A-7

APPENDIX B

B-1

Bending Instructions

The purpose of this section is to guide the user through the bending process for certain DARwIn OP parts. The hand is chosen as one example because once the user masters the techniques to make a difficult part like the hand, he/she will be prepared to complete any part on DARwIn OP. It must be noted that when bending a part, careful planning of the bending order is absolutely critical. For certain parts with complex geometry, making one bend out of order can make it almost impossible to complete the rest of the bends. The bending procedures for two additional parts (thigh bracket and motor mount) are also provided to get the users familiar with the bending process.

Bending the Hand (Part 12)

Bending Procedures: The hand for DARwIn OP should look like the one shown below in Figure 33 after all bending operations are completed:

Figure 33: Completed hand for DARwIn OP.

B-2

The 2D-layout of the hand should be as follows:

Figure 34: 2-D layout view of the hand with each bend line numbered.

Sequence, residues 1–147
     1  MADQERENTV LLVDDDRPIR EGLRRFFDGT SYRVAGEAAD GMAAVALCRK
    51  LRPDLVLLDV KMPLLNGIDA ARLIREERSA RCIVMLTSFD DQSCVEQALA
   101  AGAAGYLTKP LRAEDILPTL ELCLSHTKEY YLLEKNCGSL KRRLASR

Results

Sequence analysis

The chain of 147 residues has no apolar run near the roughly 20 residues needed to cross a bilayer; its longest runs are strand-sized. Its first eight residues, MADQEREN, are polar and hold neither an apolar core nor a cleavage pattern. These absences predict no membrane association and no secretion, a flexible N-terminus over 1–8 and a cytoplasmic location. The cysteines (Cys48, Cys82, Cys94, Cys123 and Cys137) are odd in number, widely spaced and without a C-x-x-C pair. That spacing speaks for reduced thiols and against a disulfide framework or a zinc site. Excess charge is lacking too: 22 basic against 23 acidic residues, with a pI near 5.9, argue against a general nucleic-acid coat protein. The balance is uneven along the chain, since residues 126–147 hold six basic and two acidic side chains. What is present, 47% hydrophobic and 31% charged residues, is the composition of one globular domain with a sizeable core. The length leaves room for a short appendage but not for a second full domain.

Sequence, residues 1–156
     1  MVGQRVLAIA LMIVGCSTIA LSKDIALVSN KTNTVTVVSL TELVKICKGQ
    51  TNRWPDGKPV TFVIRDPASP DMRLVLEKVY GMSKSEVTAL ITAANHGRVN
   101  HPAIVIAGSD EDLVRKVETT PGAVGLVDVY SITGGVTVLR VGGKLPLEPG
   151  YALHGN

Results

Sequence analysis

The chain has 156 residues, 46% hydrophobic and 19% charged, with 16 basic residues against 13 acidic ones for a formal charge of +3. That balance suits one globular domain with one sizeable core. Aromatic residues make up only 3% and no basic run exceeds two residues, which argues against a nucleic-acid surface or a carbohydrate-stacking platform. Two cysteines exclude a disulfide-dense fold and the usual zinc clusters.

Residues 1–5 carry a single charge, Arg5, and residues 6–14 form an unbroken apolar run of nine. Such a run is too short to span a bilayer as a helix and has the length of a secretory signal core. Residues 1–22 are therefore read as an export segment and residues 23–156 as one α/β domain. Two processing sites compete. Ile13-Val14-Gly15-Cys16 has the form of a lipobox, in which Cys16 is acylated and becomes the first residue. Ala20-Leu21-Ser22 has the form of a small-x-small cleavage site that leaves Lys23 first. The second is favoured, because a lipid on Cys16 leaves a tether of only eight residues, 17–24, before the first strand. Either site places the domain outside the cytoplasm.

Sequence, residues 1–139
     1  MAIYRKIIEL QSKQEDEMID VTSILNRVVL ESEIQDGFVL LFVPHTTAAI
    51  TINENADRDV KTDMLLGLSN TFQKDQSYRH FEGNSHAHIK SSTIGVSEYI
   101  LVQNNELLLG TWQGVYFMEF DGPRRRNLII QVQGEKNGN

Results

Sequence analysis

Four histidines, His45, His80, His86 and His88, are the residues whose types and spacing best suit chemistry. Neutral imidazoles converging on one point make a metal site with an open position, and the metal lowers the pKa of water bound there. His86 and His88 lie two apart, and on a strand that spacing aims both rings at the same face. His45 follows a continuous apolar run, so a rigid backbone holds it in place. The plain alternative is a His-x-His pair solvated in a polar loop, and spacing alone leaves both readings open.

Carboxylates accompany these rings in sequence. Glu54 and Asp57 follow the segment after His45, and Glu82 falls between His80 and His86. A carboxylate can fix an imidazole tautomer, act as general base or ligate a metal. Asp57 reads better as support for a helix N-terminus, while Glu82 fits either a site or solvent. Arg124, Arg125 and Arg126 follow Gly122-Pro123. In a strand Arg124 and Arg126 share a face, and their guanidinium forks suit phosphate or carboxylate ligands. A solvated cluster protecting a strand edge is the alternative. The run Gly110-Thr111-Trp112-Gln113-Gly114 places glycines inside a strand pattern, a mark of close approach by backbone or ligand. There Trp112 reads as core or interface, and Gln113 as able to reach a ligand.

To make the procedure easier to follow, each bend line will be numbered so that it could be referenced in the step-by-step directions. 1) Have all the bending tools prepared and ready for use.

2) Clamp the 2-D hand cutout to a vise at bend line 1. B-3

3) Using a compound-leverage seamer to grab the hand and slowly bend the hand to a 90 degrees angle at bend line 1.

B-4

4) Using a mallet and hammer, hit the newly bent surface evenly to flatten out the tab at bend line 1. The mallet should be in contact with the aluminum to prevent any scratches.

5) Repeat steps 1 through 4 to make the fold at bend line 7. 6) Clamp the hand at bend line 2, 3, and 6 to a press brake and bend the part to approximately 45 degrees.

B-5

7) Using a vise, clamp the hand at bend line 2 so that the tab is sticking upward as shown below.

8) Place the flat surface of the mallet on the small tab and use a hammer with the other hand to strike on the mallet. Try to distribute the pressure evenly to bend the tap to a 90 degree angle.

9) Repeat steps 7 through 8 to make a 90 degree bend at bend line 6. B-6

10) Clamp the hand to the press brake at bend line 5 and bend the part to about 45 degrees.

11) Repeat step 10 for bend line 4 but bend the hand to a full 90 degree angle.

12) Clamp the hand using an aluminum block and use a mallet and hammer to complete the bend from step 10. The dimension of the aluminum block should be small enough to fit in between bend line 4 and 5; however, it should also provide sufficient clamping area.

B-7

13) Clamp the hand to the press break at bend line 8 and bend it 20 degrees.